I’d like to start by saying, I love industrials!
Many of my best clients are industrial firms helping to keep America running strong with heavy equipment, generators, air compressors, forklifts, diesel repair teams and skilled technicians that work with their hands and get shit done!
Over the years however, I’ve had to repeatedly witness common mistakes and misconceptions that cause a negative impact on a client’s website.
In this article I’ll outline those issues and roadblocks to increase profits and growth.
1: No Idea What Is Going on With their Website
Anytime I have begun work with the client, the very first thing we do for their website is to check if it’s set up with analytics, so we can see what is going on with their traffic.
Who are their visitors, where are they coming from, what pages are most popular and what pages are responsible for generating new leads.
With so many people using the Internet to find service providers, it is critical that you have a good understanding of what is going on with your website and if your content and website is doing what it needs to do.
Google analytics is free and relatively easy to set up, so there is no excuse to not take advantage of it.
The most important things to check are:
- Top 10 Pages
- Unique Visitors Count (trends)
- Traffic Sources
- Bounce Rate
- Average Time on Site/Page
2: Assuming Only emails Come From Website
The web only produces email inquiries? This could not be further from the truth!
However I repeatedly hear this response from new customers when asked if they get any business from their website.
They usually say; no we only get a few emails a month.
And usually I follow up and ask how many phone calls they get via their website and they say not very many at all.
When I ask them how they know, they reply by saying; we have our receptionist ask callers how they found us.
Usually with some coaxing they allow me to put up a trackable phone number on their website.
Typically we find 8 to 10 times the number of calls versus emails.
We also find when we listen to the recordings that nobody is ever asked how they found the company.
Relying on people to ask where a customer found you is very unreliable.
3: Ignoring Local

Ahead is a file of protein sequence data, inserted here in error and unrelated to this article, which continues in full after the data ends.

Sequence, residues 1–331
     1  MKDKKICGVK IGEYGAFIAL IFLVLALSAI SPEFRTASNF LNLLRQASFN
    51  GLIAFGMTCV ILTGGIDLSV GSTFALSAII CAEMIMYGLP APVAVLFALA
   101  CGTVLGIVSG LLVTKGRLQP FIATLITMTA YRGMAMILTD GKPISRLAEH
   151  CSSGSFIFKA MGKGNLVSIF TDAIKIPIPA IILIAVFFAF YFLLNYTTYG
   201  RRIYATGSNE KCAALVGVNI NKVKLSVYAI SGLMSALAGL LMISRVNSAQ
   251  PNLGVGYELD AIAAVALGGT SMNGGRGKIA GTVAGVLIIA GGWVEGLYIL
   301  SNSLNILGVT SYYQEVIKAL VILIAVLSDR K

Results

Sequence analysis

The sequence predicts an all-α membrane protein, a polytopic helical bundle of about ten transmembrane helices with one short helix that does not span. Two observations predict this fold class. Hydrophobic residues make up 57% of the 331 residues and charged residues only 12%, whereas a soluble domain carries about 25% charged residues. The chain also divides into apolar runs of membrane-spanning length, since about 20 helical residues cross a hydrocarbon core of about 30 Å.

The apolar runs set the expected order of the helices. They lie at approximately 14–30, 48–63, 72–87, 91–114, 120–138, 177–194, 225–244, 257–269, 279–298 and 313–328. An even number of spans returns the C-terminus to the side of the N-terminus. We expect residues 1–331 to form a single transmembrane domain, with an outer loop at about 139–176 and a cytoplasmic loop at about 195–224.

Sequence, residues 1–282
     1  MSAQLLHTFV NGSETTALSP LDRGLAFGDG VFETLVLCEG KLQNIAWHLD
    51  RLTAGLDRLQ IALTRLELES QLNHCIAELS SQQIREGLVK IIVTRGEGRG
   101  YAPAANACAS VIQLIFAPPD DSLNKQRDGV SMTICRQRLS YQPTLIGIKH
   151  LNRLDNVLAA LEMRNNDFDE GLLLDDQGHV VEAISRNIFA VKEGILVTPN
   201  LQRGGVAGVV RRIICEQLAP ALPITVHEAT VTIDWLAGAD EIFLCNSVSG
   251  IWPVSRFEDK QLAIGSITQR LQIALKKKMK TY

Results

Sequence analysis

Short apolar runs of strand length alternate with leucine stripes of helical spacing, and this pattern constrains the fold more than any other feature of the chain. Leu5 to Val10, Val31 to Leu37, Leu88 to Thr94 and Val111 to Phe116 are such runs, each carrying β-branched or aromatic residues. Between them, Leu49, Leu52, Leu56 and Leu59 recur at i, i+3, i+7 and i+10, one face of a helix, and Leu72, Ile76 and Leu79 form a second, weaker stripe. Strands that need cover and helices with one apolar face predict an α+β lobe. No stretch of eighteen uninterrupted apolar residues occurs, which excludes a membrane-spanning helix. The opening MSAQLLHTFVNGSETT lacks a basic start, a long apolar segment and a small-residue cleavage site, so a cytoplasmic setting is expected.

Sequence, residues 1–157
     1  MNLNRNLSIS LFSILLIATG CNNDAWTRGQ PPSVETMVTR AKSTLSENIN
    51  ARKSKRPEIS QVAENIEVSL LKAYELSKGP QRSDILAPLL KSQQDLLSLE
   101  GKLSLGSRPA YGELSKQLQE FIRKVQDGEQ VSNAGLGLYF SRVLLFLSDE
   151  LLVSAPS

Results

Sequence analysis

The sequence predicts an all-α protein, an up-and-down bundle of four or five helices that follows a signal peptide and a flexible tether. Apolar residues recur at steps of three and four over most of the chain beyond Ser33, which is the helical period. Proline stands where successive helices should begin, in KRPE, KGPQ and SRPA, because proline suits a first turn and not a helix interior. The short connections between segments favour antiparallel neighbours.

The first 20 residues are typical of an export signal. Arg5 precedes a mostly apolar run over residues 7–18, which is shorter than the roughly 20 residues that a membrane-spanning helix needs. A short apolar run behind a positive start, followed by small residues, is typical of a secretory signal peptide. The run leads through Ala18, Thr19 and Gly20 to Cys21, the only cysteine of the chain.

One of the most exciting advertising developments to evolve over the last 10 years has been Google local and local search marketing.
The yellow pages are dead.
Unless you have an audience over the age of 80.
However most companies do nothing to take advantage of the hundreds if not thousands of searches that occur locally for their offering.
We see websites all the time where the area in which they do business is not even mentioned.
Where the GMB page is not claimed. Where there are no reviews. Where there are no local directory citations.
There is still a tremendous amount of business to be easily had in many markets and only a few businesses are paying attention.
Ladies and gentlemen, let there be no mistake about it …
If your Google My Business listing isn’t showing it’s a huge missed opportunity!
At the very least request a company to do an audit of your locations.
Knowing if your website has a fighting chance is half the battle.
4: Incorrectly Referring to Their Territory
This next point expands on the last.
You want to reference the areas you serve in the way that customers reference them.
All too often businesses make references to the county or counties that they serve.
However, people typically use the name of their city or the next largest city they live near.
Most companies we see don’t mention their territories at all, but when they do, make sure it is done correctly.
Simply adding a big list of, separated locations will no longer cut it.
It’s time to take this seriously.
5: Testimonials / Reviews
Prospective customers like to check out reviews, if you have a Google My Business listing, there is a good chance people are leaving a review on it.
The amount and type of reviews can offer some insight into the success of the company and the quality of the product(s) or service(s) being offered.
Reviews are also taken into account by Google as a ranking factor for localized search.
So reviews are a big deal, not kind of a big deal … they are a big deal, period!
When we see a business not paying attention to their reviews, ignoring them completely, or not engaging with customers that leave reviews (Good or Bad) in a timely manner we know that is an area that needs to be looked into.
Make sure you have a system in place to engage with reviewers and obtain reviews, because it plays such an important role for the way people perceive your business and ultimately how it affects your profits.